Another Nail in the FeedBurner Coffin? Dumping Adsense in FeedsCecily Kellogg
Today many of us got emails from Google about AdSense being removed from Feedburner feeds. Many of us had signed up for what seemed like a fun way to earn some pennies with your feed.
The email title is, “Upcoming retirement of Adsense for Feeds.” Here’s what it says:
Starting December 3, 2012, we’ll discontinue serving ads via AdSense for feeds on RSS feeds and you’ll no longer see feed units in your My ads tab. To check if you’re currently generating any revenue from AdSense for feeds, visit your “Products” performance report and look for recent data for “AdSense for feeds.”
Now, the email DOES go on to say that the “FeedBurner URLs powered by Google will continue to function” but I’m not the only one that feels like this is a Feedburner death march.
Still, all signs suggest that Feedburner is a dying service. As we reported a couple weeks ago, Google failed to renew the Feedburner.jp domain right about the same time that it shut down the Adsense for Feeds blog and the Feedburner account on Twitter. The Feedburner API is shutting down on October 20th, too. And just last week, Feedburner counts were broken for five days.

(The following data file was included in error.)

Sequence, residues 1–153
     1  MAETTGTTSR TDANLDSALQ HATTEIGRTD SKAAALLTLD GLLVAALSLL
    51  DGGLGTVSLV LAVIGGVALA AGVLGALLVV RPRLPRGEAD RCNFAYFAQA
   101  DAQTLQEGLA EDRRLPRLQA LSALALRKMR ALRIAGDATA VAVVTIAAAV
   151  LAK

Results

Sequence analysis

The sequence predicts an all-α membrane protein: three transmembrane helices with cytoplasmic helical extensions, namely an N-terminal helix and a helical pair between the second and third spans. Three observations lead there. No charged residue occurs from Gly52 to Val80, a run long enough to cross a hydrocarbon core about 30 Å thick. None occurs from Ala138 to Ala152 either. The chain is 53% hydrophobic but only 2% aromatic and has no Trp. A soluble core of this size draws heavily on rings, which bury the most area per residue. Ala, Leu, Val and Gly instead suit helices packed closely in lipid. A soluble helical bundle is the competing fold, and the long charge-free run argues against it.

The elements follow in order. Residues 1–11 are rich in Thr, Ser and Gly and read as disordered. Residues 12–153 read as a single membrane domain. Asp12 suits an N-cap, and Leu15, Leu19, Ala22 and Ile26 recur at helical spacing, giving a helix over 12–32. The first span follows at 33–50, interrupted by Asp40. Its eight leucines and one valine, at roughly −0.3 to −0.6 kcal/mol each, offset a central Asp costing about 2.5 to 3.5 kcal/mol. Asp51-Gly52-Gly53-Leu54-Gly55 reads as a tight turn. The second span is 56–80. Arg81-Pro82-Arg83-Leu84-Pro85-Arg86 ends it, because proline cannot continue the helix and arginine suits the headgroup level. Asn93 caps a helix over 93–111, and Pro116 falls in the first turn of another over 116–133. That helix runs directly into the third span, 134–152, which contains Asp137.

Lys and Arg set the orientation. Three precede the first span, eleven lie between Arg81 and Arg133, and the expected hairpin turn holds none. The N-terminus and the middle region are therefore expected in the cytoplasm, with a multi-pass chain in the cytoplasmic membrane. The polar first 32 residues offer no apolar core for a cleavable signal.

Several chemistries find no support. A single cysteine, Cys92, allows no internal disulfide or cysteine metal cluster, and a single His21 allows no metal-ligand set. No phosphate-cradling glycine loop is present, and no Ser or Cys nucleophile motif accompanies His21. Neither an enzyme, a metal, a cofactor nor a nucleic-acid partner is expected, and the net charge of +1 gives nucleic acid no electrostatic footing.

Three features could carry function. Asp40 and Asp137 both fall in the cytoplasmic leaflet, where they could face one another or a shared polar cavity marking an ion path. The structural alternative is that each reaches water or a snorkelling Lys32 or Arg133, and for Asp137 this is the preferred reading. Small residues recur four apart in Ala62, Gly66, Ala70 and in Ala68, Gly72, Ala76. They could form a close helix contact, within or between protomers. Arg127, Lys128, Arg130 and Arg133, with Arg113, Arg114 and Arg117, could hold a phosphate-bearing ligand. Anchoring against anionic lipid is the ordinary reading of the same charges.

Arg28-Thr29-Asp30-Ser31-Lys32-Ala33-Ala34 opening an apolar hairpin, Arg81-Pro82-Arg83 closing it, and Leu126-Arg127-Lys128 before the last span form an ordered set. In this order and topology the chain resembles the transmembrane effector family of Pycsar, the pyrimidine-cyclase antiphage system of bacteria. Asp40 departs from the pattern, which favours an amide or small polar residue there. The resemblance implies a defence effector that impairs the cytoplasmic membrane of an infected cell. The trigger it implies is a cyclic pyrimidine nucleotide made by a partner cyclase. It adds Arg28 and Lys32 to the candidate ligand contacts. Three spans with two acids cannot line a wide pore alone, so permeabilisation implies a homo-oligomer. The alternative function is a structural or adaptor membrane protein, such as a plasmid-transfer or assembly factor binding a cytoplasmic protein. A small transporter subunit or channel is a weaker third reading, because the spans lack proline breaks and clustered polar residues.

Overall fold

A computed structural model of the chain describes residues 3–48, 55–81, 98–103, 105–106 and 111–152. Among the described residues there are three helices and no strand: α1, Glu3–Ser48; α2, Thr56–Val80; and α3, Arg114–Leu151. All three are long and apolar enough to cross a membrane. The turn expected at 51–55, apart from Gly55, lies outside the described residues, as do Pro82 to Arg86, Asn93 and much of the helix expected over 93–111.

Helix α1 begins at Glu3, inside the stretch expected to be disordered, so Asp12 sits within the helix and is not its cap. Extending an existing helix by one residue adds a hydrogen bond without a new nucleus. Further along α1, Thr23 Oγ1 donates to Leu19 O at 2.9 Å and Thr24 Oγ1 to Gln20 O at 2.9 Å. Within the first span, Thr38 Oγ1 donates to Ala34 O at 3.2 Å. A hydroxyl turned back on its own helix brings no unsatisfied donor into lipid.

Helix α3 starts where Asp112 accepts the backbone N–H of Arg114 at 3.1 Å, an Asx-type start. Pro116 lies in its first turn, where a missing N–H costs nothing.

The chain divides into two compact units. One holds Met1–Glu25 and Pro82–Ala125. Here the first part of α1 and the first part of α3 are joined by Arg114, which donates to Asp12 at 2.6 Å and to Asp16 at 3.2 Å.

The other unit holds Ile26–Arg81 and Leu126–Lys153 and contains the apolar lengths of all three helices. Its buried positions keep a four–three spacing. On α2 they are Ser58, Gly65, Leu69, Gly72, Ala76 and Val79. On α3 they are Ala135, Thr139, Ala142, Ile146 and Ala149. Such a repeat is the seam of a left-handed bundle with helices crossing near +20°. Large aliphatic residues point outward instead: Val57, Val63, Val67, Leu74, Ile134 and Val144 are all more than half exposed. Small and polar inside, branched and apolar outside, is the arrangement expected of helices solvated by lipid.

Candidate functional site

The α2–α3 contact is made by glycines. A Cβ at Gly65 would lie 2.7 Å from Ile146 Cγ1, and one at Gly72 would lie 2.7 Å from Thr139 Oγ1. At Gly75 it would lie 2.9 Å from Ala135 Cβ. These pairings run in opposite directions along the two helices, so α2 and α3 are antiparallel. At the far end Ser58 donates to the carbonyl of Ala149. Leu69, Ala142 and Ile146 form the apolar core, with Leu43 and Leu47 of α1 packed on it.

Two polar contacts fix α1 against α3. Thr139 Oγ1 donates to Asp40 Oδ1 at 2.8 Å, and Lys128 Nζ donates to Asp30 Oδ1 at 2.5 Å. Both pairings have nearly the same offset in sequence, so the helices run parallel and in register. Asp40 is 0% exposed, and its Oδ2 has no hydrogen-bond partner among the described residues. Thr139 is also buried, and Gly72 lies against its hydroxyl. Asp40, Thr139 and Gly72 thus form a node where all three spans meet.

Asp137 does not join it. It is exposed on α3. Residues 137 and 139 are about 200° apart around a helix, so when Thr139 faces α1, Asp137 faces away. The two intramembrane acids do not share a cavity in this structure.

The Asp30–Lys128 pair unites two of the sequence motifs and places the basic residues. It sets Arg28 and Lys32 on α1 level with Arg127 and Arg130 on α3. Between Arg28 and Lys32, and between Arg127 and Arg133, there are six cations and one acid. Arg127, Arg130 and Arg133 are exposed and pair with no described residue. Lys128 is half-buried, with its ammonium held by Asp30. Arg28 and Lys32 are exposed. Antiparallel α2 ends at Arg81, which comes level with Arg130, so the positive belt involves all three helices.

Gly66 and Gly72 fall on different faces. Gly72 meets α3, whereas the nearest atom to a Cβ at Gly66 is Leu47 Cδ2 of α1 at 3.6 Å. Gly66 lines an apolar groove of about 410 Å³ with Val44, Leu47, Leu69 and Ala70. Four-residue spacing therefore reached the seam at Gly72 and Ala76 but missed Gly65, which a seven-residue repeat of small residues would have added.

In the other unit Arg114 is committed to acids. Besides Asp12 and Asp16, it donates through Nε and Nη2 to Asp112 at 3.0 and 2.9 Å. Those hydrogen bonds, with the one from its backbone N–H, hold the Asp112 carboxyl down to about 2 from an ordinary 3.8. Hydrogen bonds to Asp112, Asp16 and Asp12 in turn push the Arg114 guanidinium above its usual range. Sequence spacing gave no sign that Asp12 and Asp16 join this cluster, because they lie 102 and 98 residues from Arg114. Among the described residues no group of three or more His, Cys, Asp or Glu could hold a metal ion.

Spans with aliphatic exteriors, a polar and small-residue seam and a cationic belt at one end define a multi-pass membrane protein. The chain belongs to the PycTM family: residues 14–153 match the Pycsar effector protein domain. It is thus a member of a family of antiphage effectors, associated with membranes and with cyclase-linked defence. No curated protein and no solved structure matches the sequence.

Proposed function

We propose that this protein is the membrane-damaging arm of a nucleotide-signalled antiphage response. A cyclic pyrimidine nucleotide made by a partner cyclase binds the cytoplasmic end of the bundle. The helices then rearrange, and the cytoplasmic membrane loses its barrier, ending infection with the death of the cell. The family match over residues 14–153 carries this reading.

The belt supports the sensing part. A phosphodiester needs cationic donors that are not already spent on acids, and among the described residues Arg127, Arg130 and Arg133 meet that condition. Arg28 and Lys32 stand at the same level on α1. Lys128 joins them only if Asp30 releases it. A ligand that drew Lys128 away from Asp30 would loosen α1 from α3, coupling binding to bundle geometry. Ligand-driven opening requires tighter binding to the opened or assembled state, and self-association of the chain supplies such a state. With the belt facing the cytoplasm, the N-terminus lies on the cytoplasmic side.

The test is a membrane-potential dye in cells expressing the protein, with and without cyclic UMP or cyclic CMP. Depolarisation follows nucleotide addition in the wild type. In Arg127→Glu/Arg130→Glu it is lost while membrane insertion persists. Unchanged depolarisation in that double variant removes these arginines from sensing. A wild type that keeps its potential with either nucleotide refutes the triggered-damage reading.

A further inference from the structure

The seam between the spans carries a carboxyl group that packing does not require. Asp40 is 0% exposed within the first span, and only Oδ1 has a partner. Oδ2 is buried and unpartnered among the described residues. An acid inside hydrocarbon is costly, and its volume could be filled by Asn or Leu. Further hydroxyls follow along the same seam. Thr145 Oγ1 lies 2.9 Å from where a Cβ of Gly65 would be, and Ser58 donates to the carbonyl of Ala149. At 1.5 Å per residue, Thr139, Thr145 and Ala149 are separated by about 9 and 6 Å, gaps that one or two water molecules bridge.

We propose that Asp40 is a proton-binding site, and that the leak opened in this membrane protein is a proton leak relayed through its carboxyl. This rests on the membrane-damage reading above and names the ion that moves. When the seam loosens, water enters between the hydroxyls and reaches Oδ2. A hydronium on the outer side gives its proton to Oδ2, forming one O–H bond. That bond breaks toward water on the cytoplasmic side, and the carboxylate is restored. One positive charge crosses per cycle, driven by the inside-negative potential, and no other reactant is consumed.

The FeedBurner blog was shuttered not too long ago. So was the Twitter account. There isn’t even an official Google+ FeedBurner account. The last time there were issues with FeedBurner’s stats, it took whatever is left of the team five days to restore them. Just last week, as our own Romain Dillet reported, Google announced it was going to shut down the FeedBurner API. Also, as Barry Schwartz notes on Search Engine Roundtable, nobody is taking care of the service’s forums anymore and Google even let its FeedBurner domain name for Japan expire.
A question that the TechCrunch article asked, though, is this: is RSS dead anyway? Apparently Google is also pretty much ignoring Reader (which is how I read everyone’s blogs) and instead using Facebook and Twitter to keep up with blogs. Many smart bloggers I know strongly encourage readers to use the email subscription option instead of RSS.
What do you think? Do you still rely on your readership using your RSS feed? Are you worried about losing Feedburner?